Contributing to an employer-sponsored retirement plan or an IRA is a big step on the road to retirement, but contributing to both can significantly boost your retirement assets. A recent study found that, on average, individuals who owned both a 401(k) and an IRA at some point during the six-year period of the study had combined balances about 2.5 times higher than those who owned only a 401(k) or an IRA. And people who owned both types of accounts consistently over the period had even higher balances.
Once you reach age 72, you are required to take minimum distributions from your traditional IRAs and most employer-sponsored retirement plans. (RMDs are not required from an employer plan if you are still working at the company sponsoring the plan and you do not own more than 5% of the company.) You can always take more than the required amount if you choose.
According to a March 2021 survey, an estimated 2.8 million Americans ages 55 and older decided to file for Social Security benefits earlier than they expected because of COVID-19. This was about double the 1.4 million people in the same age group who said they expected to work longer, presumably due to pandemic-related financial losses.
Among the many provisions in the multi-trillion-dollar legislative package being debated in Congress is a provision that would eliminate a strategy that allows high-income investors to pursue tax-free retirement income: the so-called back-door Roth IRA. The next few months may present the last chance to take advantage of this opportunity.
In general, workers seem to begin preparing for retirement almost as soon as they get their first job. However, according to the 2021 Retirement Confidence Survey by the Employee Benefit Research Institute (EBRI), retirement preparations do vary a bit by age group.
Despite the economic shock of the coronavirus pandemic, American workers and retirees remain largely optimistic about their financial prospects for retirement.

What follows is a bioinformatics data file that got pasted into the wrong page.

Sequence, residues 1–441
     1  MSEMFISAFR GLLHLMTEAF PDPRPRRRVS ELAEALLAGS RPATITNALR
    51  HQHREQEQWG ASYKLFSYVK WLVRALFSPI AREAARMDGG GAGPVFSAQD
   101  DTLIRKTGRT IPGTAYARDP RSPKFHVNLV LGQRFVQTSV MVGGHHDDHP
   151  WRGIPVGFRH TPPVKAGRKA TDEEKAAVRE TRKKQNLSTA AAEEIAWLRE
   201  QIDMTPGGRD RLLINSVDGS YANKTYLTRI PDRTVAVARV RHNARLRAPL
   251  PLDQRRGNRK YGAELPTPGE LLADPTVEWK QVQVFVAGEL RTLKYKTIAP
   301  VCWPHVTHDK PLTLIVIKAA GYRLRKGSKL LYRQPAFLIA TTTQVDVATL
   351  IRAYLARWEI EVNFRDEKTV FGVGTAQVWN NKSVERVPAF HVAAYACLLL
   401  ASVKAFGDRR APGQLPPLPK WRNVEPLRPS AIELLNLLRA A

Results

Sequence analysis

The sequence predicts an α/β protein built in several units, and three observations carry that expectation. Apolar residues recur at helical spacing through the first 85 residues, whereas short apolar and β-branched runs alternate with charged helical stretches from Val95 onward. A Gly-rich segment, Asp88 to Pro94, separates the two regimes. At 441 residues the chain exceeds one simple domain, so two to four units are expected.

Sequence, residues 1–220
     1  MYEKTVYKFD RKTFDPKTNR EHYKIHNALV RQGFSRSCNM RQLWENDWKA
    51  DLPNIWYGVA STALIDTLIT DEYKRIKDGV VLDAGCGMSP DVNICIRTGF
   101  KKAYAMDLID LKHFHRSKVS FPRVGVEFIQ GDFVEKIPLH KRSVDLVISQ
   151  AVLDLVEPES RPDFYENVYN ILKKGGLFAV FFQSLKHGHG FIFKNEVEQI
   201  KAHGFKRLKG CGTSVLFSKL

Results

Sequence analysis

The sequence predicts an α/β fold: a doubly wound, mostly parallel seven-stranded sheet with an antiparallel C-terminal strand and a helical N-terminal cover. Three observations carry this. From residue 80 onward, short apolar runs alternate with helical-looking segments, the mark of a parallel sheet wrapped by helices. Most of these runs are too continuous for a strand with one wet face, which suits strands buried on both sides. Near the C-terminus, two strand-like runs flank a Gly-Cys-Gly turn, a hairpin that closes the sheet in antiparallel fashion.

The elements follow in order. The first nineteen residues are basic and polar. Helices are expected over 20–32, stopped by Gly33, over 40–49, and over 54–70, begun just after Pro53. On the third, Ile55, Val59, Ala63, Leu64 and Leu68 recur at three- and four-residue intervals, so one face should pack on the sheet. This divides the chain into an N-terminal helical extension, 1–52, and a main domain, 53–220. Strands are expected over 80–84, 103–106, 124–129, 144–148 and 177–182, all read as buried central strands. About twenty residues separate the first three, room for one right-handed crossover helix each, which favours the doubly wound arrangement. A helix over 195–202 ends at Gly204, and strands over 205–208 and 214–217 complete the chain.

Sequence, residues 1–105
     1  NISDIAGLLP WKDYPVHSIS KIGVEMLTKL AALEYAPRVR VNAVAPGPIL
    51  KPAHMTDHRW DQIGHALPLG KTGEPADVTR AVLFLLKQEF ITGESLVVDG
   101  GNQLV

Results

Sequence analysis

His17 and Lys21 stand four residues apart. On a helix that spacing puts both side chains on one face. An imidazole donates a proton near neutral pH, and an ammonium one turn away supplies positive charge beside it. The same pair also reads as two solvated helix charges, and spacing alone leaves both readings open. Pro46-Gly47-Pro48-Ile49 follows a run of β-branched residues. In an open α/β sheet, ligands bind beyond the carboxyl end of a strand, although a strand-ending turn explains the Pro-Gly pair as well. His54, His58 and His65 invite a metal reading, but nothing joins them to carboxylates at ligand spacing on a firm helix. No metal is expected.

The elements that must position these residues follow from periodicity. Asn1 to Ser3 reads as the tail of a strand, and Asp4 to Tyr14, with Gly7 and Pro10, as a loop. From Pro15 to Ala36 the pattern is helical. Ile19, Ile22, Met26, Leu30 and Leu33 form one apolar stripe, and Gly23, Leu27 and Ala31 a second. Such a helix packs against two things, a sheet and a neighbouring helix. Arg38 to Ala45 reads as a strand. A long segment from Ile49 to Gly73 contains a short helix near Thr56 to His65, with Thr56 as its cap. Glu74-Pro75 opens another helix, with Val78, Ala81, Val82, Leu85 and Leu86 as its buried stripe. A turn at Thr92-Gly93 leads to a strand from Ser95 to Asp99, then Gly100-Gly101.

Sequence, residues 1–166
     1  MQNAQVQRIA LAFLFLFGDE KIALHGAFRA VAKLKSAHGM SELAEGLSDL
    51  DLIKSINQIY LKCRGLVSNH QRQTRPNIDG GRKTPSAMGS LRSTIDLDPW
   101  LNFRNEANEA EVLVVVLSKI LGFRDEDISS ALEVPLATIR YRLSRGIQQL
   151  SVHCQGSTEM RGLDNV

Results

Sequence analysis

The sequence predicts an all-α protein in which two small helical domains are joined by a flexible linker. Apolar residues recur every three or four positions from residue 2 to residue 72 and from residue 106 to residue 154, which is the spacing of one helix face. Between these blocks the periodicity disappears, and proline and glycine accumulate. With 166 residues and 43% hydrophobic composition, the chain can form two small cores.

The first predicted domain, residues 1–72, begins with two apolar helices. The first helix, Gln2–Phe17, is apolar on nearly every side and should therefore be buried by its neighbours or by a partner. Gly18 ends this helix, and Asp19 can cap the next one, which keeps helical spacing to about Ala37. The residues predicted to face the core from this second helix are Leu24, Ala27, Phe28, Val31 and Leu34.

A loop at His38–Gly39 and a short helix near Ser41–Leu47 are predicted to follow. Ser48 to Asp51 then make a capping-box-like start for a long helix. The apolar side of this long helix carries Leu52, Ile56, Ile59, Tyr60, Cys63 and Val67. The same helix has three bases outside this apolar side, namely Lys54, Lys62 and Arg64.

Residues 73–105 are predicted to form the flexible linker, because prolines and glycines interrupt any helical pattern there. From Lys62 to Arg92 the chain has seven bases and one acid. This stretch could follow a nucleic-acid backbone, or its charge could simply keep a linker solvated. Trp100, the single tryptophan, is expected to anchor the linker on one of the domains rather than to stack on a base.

In its annual Retirement Confidence Survey conducted in January 2021, the Employee Benefit Research Institute (EBRI) found that 80% of retirees and 72% of workers were either very or somewhat confident in their ability to afford a comfortable retirement.
At the end of 2019, President Trump signed a federal spending package that included the Setting Every Community Up for Retirement Enhancement (SECURE) Act. A provision in this legislation effectively eliminated the “stretch IRA,” an estate-planning strategy that allowed an IRA to continue benefiting from tax-deferred growth, potentially for decades. Most nonspouse beneficiaries, including children and grandchildren, can no longer “stretch” distributions over their lifetimes.
In early 2020, 61% of U.S. workers surveyed said that retirement planning makes them feel stressed.1 Investor confidence was continually tested as the year wore on, and it’s likely that this percentage rose — perhaps even substantially. If you find yourself among those feeling stressed heading into the new year, these tips may help you focus and enhance your retirement savings strategy in 2021.
Many people intend to retire in the place they call home, where they have established families and friendships. But for others, the end of a career brings the freedom to choose a new lifestyle in a different part of the country — or the opportunity to preserve more wealth and protect it from taxes.
In 2020, 74% of workers said they expected to work for pay after retiring from their regular jobs, but only 27% of retirees said they had actually done so. This large gap between expectation and reality has been fairly consistent in surveys over the past 20 years, and there is no reason to expect it will change.